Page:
The next two sections of the Common Ground archive that I’ll be cataloguing concern projects relating to ‘Local Distinctiveness’, a term coined by Common Ground in the 1980s to explore the relationship between people and everyday places, and the bonds between nature, identity and place. The two sections are The Campaign for Local Distinctiveness and Gardening, Landscape Design and Local Distinctiveness. I hope to have both sections completed by the end of September, so do pop by again soon for the next update on the cataloguing project!

By Annie Price, Project Archivist

Why not start your exploration of the Common Ground archive via our online archives catalogue today?

You can also find out more about the Common Ground archive cataloguing project by taking a look back at our previous blog posts.

For more information on Common Ground’s river-themed projects, see the Common Ground website.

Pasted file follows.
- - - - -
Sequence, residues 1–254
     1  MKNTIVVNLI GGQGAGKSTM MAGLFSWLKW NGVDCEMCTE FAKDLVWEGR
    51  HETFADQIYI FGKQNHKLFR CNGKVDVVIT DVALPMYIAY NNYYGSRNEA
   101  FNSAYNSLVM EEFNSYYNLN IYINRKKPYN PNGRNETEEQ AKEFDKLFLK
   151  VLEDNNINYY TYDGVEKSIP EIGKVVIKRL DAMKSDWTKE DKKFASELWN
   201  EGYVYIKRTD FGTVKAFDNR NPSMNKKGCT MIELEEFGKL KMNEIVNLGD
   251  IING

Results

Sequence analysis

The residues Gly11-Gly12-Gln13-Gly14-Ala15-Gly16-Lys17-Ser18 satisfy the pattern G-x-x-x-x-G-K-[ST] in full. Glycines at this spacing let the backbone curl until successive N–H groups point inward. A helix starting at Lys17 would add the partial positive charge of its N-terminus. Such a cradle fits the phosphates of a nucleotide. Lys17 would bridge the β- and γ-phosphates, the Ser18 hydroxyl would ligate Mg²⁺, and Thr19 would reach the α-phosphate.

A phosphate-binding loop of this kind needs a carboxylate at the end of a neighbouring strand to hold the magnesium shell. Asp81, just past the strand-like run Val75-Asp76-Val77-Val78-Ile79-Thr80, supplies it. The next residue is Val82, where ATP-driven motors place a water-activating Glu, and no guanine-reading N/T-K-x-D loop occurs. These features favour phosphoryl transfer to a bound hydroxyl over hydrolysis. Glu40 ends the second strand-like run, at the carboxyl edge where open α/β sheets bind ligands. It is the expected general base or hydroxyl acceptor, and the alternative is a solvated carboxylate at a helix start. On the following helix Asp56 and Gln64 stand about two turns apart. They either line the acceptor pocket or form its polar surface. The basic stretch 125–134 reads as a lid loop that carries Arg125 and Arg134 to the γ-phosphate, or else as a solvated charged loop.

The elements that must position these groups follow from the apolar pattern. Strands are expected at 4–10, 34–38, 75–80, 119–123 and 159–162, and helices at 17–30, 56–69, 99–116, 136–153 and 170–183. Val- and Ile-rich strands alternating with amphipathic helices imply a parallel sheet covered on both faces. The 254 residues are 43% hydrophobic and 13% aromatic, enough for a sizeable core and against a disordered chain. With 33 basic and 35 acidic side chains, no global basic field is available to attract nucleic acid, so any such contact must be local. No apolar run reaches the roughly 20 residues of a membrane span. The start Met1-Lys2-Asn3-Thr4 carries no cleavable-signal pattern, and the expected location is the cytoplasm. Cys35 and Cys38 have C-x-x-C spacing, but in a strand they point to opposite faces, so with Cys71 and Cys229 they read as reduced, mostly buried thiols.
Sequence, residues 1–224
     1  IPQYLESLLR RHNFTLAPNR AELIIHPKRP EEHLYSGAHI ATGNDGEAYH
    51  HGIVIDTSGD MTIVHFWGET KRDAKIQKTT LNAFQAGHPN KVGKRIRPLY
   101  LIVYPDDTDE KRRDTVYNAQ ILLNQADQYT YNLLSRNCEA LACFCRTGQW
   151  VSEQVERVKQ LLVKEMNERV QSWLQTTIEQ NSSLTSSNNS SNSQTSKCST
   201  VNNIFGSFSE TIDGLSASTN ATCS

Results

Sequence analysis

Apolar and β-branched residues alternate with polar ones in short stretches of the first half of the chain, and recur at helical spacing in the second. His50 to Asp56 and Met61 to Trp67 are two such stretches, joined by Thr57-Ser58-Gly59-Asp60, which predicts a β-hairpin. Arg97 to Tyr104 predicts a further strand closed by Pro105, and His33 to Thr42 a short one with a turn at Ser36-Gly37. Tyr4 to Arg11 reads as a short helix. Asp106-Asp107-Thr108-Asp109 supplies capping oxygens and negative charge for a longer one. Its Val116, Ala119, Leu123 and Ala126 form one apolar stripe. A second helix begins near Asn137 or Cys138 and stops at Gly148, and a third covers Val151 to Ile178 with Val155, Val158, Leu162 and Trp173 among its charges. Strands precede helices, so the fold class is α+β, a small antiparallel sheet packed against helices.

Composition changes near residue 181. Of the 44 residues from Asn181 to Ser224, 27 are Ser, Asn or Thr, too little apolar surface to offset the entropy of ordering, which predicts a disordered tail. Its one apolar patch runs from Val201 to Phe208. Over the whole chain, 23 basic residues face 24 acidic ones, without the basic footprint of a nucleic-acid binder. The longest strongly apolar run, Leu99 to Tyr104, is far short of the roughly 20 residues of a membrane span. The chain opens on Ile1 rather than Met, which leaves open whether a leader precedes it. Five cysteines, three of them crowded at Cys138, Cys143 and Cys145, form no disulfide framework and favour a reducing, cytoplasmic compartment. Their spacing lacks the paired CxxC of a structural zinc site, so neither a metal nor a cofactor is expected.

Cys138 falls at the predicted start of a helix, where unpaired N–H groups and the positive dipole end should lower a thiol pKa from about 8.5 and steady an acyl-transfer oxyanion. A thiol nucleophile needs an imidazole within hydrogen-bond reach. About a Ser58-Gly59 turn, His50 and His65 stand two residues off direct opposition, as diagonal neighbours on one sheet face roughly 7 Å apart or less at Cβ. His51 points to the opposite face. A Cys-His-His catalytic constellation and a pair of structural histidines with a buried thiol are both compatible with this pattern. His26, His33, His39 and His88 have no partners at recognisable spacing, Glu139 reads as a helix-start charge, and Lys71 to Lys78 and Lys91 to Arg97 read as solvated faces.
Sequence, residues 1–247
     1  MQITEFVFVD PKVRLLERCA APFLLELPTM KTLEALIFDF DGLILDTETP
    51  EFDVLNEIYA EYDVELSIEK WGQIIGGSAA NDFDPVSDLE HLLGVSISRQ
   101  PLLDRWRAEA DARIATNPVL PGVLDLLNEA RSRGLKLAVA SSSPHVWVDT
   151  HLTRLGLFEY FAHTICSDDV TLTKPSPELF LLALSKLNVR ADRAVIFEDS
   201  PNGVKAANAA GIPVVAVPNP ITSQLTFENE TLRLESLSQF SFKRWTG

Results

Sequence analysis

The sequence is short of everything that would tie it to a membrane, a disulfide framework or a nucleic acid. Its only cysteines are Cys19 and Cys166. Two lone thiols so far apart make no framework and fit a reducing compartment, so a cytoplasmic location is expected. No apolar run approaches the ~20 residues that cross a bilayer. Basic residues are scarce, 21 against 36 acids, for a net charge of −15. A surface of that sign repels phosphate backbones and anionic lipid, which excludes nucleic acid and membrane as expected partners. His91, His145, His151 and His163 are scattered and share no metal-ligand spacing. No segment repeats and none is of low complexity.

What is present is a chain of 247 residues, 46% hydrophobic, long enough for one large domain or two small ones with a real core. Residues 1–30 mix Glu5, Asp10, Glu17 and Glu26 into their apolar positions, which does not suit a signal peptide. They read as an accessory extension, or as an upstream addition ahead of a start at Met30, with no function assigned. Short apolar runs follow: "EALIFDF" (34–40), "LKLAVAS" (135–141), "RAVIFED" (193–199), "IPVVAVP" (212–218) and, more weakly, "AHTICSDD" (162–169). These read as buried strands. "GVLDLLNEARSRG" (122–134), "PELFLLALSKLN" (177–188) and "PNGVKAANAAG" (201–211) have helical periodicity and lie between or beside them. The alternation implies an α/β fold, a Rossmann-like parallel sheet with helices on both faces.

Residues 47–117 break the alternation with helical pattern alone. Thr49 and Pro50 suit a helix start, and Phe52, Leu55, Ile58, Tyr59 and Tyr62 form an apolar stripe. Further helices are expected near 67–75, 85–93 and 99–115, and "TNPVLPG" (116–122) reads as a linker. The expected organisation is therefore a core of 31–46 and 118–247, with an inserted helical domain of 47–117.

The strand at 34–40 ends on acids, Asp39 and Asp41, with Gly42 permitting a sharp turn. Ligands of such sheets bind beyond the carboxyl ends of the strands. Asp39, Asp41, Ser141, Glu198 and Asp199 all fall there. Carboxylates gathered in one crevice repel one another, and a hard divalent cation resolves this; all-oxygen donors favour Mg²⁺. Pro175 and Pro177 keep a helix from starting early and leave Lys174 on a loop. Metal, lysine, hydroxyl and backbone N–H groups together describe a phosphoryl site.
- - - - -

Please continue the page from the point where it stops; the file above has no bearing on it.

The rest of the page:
Apples and Archives: Getting to the ‘core’ of Apple Day in the Common Ground archive

Warning: may contain puns

Every year on and around the 21 October, apples and orchards are celebrated in the UK as part of a custom known as Apple Day. Indeed, Apple Day has become so firmly entrenched in the British calendar that it could easily be believed to be an ancient tradition. However, Apple Day has only officially been celebrated on 21 October in the UK since 1990, when the arts and environmental charity, Common Ground, initiated its very first ‘fruitful’ – in all senses of the word – celebration of apples in the Plaza of Covent Garden in London.